The greatest global killer since the Black Death
As the First World War staggered towards its bloody conclusion 100 years ago this month leaving 17 million dead, the war-worn world suffered a second catastrophe. A lethal influenza pandemic swept the planet killing at least 50 million people. Most towns in the UK have fitting memorials to the war dead but the many who died from influenza are neither commemorated nor remembered. The Spanish flu, as it came to be called, was the greatest global killer since the Black Death. It is very important that its victims should not be forgotten and lessons learnt for dealing with future pandemics.
By June 1918, the fighting had been raging for nearly four years. Already worn down by the privations of war and the deaths of so many young men, people in the UK began to suffer the symptoms of influenza. Sore throat, headache and fever were typical but, after a few days in bed, people recovered and got on with life as best as they could. The illness had already swept across the US in the spring, reaching the trenches of the Western Front by mid-April leading to a brief lull in the fighting while troops recovered.
By September, however, a second wave of influenza surfaced, now in a deadly new guise. The virus was highly infectious sweeping through populations and quickly reaching most countries around the globe, its lethal progress assisted by the movement of troops to and from war zones. The majority experienced typical flu symptoms, perhaps a little more severe, and recovered quickly but, for about one in twenty of those infected, the effects were much more serious. Pneumonia-like symptoms caused by bacterial infection of the lungs were common leading to breathing problems and copious bloody sputum. Sometimes, the face and hands developed a purple-blue colouration suggesting oxygen starvation. This colour might spread to the rest of the body, occasionally turning black before sufferers died. Post-mortem examination revealed lungs that were red, swollen and bloody and covered in watery pink liquid; victims had effectively drowned in their own bodily fluids. There were no effective treatments, antibiotics had not been developed, and the death rate was high. By Christmas the second influenza wave had burnt itself out only for a third wave of intermediate severity to strike in the first few months of 1919. The pandemic came to be called “Spanish flu” because Spain alone, not being part of the war and so not subject to censorship, reported its flu experience freely.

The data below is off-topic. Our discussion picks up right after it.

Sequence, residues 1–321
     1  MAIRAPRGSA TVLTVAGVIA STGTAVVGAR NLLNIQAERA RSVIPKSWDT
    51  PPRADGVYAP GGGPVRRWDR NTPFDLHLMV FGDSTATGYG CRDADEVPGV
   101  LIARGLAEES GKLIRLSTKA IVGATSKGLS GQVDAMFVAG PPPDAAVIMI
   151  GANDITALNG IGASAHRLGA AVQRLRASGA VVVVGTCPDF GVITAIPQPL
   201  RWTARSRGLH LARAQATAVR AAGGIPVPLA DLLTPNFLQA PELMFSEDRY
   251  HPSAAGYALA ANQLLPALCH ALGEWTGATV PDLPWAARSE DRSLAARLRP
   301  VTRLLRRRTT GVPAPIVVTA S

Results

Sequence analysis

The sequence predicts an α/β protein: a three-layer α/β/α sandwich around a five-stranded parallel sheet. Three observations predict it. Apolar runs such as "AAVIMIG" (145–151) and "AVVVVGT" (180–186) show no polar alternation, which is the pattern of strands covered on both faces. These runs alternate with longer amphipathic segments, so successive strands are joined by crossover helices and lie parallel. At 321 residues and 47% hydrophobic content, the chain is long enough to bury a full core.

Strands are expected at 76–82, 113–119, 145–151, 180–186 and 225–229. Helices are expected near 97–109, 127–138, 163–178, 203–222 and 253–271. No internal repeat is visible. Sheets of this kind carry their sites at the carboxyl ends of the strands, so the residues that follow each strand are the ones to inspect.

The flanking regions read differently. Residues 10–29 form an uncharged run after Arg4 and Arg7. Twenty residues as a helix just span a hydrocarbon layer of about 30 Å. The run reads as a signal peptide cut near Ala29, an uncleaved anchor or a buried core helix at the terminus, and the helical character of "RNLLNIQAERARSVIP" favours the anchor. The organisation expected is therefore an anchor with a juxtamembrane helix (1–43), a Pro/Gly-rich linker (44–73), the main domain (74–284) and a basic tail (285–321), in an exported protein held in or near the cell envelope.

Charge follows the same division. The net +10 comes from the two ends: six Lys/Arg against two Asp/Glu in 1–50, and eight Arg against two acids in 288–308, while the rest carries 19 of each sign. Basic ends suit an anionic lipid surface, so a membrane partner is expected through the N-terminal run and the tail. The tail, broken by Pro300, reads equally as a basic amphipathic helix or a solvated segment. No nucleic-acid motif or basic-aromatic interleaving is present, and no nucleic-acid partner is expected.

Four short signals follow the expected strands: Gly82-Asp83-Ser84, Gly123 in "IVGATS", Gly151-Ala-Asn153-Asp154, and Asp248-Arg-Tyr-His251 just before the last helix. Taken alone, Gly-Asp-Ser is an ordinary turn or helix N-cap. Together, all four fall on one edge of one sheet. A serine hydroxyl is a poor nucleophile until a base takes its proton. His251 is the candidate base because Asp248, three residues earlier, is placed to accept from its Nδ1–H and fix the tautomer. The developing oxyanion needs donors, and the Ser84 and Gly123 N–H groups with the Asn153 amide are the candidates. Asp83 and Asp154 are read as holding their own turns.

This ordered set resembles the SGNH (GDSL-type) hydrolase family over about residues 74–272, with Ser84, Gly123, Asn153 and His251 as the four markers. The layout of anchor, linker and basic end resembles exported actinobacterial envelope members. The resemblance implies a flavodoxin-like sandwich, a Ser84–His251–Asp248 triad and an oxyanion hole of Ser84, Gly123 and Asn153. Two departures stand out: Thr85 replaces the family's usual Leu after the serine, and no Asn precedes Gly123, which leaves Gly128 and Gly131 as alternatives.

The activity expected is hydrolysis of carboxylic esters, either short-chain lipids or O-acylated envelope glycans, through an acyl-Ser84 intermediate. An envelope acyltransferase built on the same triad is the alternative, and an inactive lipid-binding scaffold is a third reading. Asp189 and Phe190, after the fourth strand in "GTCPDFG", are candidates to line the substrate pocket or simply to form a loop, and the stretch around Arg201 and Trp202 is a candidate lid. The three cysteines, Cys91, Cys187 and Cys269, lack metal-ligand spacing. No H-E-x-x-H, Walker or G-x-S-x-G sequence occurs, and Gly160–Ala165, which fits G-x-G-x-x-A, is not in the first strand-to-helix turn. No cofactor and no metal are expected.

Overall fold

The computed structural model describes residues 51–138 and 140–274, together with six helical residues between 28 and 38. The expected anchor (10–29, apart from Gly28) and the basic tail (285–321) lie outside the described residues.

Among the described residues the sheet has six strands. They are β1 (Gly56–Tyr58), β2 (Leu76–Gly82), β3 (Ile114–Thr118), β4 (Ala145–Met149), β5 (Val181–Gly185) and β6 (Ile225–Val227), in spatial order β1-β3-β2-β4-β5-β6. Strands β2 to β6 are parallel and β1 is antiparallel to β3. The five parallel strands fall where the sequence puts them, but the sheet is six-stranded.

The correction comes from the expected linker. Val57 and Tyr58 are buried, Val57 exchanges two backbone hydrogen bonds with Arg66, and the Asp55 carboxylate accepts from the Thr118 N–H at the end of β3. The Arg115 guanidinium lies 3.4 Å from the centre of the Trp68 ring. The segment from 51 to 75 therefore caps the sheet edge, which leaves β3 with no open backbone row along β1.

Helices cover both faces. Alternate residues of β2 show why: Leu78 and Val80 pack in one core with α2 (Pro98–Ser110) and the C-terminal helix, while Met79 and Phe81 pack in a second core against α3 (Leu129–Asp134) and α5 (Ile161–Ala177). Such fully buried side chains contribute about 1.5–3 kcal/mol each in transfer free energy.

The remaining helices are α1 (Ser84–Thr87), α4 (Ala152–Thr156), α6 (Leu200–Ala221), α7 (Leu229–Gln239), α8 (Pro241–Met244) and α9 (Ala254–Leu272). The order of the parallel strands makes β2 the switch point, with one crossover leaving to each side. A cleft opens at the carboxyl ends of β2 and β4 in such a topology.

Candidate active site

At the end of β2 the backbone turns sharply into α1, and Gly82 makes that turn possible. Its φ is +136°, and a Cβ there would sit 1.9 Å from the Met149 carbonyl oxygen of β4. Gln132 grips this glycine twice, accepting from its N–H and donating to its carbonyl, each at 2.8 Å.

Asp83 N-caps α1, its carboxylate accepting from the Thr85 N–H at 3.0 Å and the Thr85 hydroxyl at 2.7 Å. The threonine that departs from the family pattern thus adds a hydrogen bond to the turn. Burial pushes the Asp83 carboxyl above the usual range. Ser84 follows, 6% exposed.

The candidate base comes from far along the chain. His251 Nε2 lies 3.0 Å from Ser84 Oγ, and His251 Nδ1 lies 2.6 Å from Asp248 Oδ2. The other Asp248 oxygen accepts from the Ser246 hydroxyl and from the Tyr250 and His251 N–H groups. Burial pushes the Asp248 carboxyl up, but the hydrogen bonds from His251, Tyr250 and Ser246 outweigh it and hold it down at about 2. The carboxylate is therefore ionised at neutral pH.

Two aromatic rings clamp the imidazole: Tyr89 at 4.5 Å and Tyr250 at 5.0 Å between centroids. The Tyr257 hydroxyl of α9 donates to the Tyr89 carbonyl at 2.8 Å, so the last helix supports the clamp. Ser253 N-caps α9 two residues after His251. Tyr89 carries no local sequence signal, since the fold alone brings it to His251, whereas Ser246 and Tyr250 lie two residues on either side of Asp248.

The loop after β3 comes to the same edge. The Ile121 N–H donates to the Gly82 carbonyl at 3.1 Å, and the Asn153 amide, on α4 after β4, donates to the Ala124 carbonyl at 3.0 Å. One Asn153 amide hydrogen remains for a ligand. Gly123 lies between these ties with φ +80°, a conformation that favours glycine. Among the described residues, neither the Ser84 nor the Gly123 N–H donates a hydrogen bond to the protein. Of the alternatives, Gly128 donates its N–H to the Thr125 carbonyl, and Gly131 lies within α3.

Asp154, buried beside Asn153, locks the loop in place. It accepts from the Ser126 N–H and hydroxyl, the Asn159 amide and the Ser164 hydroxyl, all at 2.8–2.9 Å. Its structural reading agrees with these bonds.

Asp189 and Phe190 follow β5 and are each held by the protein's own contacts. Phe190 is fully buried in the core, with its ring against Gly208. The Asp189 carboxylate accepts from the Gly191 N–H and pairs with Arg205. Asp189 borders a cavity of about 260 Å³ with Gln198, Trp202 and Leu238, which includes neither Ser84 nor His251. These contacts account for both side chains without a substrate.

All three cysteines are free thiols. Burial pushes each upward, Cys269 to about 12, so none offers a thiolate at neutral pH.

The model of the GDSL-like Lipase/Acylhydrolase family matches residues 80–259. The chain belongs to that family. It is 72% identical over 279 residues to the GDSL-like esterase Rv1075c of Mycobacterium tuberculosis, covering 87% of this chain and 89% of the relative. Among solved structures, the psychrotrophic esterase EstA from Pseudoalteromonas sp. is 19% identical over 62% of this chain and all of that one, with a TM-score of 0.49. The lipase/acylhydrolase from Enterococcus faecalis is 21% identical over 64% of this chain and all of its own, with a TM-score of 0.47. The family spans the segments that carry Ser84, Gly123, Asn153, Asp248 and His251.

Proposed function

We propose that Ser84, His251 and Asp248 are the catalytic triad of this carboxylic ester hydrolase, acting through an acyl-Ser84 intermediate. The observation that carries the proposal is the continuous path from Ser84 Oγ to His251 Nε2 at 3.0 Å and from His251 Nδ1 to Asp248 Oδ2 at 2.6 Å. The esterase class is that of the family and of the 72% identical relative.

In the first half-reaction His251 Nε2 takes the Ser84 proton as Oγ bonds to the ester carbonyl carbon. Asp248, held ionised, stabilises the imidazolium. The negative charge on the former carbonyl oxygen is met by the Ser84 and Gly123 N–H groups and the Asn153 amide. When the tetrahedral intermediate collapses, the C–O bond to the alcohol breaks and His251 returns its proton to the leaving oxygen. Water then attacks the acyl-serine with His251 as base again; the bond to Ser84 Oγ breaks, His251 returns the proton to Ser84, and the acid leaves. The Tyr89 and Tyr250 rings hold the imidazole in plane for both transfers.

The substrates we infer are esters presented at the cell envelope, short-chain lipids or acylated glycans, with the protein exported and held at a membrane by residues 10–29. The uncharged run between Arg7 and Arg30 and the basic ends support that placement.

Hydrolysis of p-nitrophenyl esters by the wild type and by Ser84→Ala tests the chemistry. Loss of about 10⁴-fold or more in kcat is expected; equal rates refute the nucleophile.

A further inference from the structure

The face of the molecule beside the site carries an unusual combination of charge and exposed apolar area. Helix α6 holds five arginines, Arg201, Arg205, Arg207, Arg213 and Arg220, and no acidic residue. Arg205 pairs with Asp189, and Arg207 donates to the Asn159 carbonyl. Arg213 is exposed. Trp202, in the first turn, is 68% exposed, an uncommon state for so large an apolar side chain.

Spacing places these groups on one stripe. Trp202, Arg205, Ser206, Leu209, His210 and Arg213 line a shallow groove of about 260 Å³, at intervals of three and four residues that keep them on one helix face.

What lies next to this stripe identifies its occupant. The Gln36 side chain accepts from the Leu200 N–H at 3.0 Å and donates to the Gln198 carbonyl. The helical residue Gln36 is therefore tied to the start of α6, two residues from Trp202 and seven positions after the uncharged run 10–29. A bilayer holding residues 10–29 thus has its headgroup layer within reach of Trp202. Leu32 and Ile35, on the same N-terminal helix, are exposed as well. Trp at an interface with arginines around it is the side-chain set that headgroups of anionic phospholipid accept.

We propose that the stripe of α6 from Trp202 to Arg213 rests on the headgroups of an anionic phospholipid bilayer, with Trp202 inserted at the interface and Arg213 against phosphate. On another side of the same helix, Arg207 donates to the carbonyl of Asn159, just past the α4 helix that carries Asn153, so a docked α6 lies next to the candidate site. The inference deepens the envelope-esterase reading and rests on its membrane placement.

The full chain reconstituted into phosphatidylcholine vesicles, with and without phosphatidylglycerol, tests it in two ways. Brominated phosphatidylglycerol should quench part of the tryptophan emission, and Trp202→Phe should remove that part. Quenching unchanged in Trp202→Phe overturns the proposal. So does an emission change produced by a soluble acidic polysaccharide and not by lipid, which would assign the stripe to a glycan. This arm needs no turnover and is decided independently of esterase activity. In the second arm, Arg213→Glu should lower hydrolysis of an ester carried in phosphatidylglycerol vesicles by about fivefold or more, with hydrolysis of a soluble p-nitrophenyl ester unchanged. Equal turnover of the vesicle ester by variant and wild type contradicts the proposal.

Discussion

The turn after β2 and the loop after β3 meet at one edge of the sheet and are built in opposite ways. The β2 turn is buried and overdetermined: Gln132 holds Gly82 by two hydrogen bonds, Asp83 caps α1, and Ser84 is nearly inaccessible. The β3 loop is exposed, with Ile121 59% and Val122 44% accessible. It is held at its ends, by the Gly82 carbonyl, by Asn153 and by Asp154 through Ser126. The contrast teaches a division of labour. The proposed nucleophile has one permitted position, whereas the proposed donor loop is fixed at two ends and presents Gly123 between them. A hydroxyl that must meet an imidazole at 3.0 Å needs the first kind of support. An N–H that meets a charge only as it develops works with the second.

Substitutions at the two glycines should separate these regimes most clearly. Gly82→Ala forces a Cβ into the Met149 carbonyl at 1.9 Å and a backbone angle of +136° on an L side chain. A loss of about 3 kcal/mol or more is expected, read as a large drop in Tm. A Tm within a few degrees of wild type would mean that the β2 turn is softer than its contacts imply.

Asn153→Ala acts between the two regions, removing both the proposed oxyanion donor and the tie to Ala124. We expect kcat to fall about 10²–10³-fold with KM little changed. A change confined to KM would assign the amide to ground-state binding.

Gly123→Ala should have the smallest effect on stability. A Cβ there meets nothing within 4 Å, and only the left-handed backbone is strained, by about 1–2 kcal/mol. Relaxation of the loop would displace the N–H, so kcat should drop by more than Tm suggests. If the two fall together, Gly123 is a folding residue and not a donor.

In the UK, the Spanish flu killed 228,000 people in the space of about six months but this was a global pandemic and around the world the mortality was staggering. There were 675,000 deaths in the US and up to 17 million in India; overall the illness killed at least 3% of the entire population of the world. Unlike typical seasonal flu epidemics, deaths from Spanish flu were highest among 20-40-year olds with pregnant women being particularly vulnerable. If World War 1 had consumed the flower of youth, Spanish flu cut down those in their prime.
The sudden, widespread occurrence of a major illness with such high mortality caused huge disruption to daily life in the UK, especially in large towns. Medical services were overwhelmed as many doctors and nurses were on war service, funeral directors were unable to cope and there were reports of bodies piling up in mortuaries. The response of the medical authorities was poor, underplaying the gravity of the situation and providing little guidance; the newspapers, wearied by war news, were reluctant to give this new killer much coverage. Understanding of disease in the general population was rudimentary and a sense of fear and dread prevailed as people witnessed so many apparently random deaths.